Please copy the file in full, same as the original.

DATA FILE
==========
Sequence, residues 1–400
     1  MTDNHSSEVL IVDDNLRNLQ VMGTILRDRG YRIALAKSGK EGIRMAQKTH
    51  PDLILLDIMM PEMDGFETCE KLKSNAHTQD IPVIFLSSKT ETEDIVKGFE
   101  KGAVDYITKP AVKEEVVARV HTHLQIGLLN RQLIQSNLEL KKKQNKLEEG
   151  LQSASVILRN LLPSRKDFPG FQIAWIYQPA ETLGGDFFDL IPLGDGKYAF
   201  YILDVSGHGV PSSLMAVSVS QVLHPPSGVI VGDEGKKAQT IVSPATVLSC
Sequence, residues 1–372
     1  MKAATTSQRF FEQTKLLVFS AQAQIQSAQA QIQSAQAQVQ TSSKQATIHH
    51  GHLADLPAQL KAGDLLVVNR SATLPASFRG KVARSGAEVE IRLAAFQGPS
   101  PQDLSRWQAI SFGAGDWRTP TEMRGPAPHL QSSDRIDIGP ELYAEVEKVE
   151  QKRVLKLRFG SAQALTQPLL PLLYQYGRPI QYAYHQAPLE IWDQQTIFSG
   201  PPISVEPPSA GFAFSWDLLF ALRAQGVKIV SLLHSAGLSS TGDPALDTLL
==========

Sequence, residues 1–400
     1  MTDNHSSEVL IVDDNLRNLQ VMGTILRDRG YRIALAKSGK EGIRMAQKTH
    51  PDLILLDIMM PEMDGFETCE KLKSNAHTQD IPVIFLSSKT ETEDIVKGFE
   101  KGAVDYITKP AVKEEVVARV HTHLQIGLLN RQLIQSNLEL KKKQNKLEEG
   151  LQSASVILRN LLPSRKDFPG FQIAWIYQPA ETLGGDFFDL IPLGDGKYAF
   201  YILDVSGHGV PSSLMAVSVS QVLHPPSGVI VGDEGKKAQT IVSPATVLSC
Sequence, residues 1–372
     1  MKAATTSQRF FEQTKLLVFS AQAQIQSAQA QIQSAQAQVQ TSSKQATIHH
    51  GHLADLPAQL KAGDLLVVNR SATLPASFRG KVARSGAEVE IRLAAFQGPS
   101  PQDLSRWQAI SFGAGDWRTP TEMRGPAPHL QSSDRIDIGP ELYAEVEKVE
   151  QKRVLKLRFG SAQALTQPLL PLLYQYGRPI QYAYHQAPLE IWDQQTIFSG
   201  PPISVEPPSA GFAFSWDLLF ALRAQGVKIV SLLHSAGLSS TGDPALDTLL